Date: Mon, 24 Nov 1997 11:36:59 -0800

From: Peter Richardson prichard[AT SYMBOL GOES HERE]LINFIELD.EDU

Subject: Re: vernacular

I took up Ellen Johnson's request the other day, asking my students via

email to send me their definitions of _vernacular_ without having

consulted a dictionary. About 1/2 the class did so, or at least said that

they didn't know what it meant. The results, which don't include (unsent)

contributions from some who I'm sure do have a workable and believable

definition at hand:

Seven students had no idea what it meant.

Quotes from the rest:

I think the word vernacular means to understand something very well.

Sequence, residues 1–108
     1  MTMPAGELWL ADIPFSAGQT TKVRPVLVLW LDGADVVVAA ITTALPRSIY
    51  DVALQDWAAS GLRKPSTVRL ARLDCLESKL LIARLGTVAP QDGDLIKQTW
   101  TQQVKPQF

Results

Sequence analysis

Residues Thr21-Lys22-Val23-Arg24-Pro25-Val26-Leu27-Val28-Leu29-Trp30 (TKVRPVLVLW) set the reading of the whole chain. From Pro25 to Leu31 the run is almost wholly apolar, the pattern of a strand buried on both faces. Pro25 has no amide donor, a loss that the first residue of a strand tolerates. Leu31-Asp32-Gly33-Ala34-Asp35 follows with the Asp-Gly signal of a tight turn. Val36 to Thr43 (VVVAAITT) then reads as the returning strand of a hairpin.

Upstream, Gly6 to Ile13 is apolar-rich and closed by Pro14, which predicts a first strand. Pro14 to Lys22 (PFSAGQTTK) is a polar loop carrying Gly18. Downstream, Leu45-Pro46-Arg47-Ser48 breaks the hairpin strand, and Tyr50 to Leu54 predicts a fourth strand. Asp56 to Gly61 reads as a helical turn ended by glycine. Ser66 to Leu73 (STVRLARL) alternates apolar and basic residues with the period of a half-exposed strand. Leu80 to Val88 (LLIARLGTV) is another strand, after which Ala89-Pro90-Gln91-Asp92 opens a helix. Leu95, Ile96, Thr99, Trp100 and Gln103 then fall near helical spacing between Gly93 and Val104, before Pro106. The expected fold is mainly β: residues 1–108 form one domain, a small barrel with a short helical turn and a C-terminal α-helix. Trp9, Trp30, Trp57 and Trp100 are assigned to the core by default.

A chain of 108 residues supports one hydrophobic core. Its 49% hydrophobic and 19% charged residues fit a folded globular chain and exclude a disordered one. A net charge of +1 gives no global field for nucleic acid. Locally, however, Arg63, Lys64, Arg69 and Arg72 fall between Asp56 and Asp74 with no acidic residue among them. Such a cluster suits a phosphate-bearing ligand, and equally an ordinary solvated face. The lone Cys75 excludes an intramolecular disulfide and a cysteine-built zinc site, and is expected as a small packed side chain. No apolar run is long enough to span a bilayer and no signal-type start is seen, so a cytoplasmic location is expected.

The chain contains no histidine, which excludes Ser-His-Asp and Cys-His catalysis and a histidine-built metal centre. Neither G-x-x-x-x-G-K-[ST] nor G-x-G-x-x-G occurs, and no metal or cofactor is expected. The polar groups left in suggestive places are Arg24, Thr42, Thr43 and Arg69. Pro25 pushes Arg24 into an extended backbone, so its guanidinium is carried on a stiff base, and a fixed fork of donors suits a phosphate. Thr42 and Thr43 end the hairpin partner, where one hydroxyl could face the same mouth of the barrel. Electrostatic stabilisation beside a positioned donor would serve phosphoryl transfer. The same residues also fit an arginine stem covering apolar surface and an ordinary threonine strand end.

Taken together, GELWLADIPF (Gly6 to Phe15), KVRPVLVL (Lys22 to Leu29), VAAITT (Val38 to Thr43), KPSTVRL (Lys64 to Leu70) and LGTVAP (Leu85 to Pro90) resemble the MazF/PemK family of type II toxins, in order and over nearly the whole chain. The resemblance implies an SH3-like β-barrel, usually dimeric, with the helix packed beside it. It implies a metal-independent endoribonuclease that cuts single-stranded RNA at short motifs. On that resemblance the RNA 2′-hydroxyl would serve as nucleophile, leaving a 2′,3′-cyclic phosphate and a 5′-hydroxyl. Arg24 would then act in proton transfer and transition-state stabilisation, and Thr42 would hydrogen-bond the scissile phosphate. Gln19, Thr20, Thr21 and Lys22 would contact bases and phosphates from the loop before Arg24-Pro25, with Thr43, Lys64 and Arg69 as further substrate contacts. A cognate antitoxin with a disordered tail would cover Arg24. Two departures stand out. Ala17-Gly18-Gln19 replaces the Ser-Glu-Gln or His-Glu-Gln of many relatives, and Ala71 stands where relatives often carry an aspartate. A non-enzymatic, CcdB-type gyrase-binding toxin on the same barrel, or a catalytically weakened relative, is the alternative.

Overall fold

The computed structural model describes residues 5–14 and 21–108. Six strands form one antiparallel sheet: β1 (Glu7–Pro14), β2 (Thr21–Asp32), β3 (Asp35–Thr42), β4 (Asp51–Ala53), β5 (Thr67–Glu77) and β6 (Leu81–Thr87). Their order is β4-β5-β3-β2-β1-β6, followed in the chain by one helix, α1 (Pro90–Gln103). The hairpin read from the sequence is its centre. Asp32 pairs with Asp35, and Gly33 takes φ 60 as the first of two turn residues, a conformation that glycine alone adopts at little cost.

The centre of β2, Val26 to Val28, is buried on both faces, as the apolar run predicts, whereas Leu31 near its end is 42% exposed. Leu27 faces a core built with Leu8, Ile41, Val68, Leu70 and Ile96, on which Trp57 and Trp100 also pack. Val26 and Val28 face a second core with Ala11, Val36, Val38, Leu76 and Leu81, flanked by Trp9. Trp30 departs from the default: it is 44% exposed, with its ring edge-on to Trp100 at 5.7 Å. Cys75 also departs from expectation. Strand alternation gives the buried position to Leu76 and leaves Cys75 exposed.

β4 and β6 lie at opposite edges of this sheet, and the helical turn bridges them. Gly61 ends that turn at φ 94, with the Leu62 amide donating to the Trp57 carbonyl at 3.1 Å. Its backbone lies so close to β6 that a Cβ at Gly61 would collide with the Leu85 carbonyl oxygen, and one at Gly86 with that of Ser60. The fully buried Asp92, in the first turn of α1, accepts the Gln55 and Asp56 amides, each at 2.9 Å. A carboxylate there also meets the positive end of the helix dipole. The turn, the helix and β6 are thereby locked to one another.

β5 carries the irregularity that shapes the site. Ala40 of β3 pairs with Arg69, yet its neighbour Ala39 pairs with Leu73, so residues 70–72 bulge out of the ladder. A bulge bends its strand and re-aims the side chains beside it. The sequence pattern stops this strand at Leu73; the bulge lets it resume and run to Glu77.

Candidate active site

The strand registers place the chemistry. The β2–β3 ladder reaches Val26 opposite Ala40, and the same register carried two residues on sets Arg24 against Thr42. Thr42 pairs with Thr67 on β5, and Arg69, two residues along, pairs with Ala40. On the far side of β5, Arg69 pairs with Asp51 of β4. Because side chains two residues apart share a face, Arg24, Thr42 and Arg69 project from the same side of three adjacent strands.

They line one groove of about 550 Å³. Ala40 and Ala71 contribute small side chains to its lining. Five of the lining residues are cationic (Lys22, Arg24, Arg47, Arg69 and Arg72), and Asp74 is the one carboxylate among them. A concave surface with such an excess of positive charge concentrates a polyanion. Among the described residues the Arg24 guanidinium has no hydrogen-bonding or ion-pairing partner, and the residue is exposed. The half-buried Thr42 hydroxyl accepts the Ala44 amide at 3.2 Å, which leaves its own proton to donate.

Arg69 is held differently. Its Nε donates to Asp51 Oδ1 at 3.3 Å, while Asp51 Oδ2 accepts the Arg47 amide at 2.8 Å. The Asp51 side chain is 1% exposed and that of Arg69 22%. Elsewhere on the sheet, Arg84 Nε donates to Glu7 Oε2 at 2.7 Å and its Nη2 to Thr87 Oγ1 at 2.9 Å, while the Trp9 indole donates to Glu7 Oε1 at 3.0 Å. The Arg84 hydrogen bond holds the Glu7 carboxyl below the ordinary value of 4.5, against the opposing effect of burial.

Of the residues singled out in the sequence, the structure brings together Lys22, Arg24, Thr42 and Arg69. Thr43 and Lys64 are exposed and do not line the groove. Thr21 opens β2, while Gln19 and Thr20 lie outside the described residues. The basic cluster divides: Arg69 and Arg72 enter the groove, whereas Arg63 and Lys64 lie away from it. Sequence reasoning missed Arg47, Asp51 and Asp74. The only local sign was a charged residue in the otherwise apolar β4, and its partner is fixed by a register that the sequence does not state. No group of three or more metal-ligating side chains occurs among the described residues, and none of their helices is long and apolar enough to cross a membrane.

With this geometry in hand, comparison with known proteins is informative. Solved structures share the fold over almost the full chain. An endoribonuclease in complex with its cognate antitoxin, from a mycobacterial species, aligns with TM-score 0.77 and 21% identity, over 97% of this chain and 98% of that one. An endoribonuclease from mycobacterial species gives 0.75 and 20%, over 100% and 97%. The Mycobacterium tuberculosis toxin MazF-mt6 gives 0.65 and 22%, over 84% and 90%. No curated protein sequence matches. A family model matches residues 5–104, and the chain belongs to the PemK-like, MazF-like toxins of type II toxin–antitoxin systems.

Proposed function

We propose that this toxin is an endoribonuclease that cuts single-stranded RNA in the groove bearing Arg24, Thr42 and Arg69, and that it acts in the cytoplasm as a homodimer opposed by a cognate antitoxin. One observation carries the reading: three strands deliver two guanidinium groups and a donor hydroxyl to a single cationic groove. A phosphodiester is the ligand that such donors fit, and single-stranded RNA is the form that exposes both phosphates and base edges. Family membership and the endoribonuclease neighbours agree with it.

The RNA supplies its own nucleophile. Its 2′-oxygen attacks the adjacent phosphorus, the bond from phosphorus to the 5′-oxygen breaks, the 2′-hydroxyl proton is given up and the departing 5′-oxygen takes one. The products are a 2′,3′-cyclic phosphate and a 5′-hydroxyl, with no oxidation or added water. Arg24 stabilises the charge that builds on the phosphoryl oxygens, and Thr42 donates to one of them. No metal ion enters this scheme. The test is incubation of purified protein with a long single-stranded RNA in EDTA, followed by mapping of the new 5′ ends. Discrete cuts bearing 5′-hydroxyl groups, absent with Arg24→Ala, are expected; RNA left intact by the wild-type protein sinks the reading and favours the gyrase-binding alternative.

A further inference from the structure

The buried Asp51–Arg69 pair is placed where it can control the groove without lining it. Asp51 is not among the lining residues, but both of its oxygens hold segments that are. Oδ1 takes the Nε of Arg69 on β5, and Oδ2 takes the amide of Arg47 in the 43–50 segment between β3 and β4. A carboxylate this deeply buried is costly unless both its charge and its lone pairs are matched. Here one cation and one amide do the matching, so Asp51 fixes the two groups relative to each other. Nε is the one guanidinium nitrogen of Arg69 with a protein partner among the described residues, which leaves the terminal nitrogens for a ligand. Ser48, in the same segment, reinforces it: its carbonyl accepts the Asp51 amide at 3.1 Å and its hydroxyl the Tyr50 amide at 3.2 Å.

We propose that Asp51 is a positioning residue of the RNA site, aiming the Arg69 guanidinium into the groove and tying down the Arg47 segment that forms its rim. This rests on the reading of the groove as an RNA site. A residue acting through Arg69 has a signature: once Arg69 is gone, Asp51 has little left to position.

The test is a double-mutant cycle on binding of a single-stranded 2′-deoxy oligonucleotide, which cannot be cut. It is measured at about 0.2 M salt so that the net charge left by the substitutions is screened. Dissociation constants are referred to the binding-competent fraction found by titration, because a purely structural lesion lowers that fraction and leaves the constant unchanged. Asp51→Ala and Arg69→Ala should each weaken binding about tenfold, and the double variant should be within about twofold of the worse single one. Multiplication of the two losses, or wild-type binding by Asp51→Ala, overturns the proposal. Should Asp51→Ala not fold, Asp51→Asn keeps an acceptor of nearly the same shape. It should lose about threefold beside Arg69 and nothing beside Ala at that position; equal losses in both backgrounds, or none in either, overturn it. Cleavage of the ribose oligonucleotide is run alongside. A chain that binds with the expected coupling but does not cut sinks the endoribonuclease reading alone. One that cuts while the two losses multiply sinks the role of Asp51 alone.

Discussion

It reminds me of varnish or shellac--something associated with pottery

that makes it shiny or something like that.

I think that this word is used to describe how words are vocally


A clear sound or voice. A tone that is pleasing to the ear.

Used interchangeably with _jargon_

I've heard it in the following context: "In a vernacular sense"

I send this not as an "O tempora, o morons" plaint, but as a simple

contribution to Ellen's article.

Peter Richardson